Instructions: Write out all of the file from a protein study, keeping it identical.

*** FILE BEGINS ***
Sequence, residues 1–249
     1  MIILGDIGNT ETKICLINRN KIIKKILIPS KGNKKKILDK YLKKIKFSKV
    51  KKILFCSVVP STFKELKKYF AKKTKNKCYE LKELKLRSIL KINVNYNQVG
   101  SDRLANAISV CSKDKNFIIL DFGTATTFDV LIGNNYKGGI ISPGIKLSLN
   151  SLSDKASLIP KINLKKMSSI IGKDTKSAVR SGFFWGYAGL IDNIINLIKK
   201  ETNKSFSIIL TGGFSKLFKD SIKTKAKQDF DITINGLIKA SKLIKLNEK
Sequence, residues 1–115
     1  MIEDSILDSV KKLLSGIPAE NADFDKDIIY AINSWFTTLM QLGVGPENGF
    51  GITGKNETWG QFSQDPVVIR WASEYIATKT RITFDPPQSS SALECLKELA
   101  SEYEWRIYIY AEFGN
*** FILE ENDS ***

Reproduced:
Sequence, residues 1–249
     1  MIILGDIGNT ETKICLINRN KIIKKILIPS KGNKKKILDK YLKKIKFSKV
    51  KKILFCSVVP STFKELKKYF AKKTKNKCYE LKELKLRSIL KINVNYNQVG
   101  SDRLANAISV CSKDKNFIIL DFGTATTFDV LIGNNYKGGI ISPGIKLSLN
   151  SLSDKASLIP KINLKKMSSI IGKDTKSAVR SGFFWGYAGL IDNIINLIKK
   201  ETNKSFSIIL TGGFSKLFKD SIKTKAKQDF DITINGLIKA SKLIKLNEK
Sequence, residues 1–115
     1  MIEDSILDSV KKLLSGIPAE NADFDKDIIY AINSWFTTLM QLGVGPENGF
    51  GITGKNETWG QFSQDPVVIR WASEYIATKT RITFDPPQSS SALECLKELA
   101  SEYEWRIYIY AEFGN